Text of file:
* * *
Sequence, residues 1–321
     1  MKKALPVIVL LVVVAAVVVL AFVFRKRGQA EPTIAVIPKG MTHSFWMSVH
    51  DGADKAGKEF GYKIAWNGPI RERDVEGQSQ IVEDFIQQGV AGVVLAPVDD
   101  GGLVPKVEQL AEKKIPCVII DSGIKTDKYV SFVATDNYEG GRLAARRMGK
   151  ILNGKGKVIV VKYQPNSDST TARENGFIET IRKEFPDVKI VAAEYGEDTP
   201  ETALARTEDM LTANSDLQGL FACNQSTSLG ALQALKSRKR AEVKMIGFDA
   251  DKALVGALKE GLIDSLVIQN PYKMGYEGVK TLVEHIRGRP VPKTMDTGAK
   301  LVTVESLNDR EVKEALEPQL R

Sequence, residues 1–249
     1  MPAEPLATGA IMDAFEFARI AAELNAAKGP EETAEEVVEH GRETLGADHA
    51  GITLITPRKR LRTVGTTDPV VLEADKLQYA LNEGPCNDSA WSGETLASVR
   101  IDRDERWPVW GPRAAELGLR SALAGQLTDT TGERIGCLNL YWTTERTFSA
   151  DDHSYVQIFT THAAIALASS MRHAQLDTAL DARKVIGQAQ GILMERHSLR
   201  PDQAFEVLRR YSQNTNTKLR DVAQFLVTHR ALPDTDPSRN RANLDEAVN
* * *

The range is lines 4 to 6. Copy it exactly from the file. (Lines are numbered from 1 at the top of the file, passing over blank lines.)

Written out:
   101  GGLVPKVEQL AEKKIPCVII DSGIKTDKYV SFVATDNYEG GRLAARRMGK
   151  ILNGKGKVIV VKYQPNSDST TARENGFIET IRKEFPDVKI VAAEYGEDTP
   201  ETALARTEDM LTANSDLQGL FACNQSTSLG ALQALKSRKR AEVKMIGFDA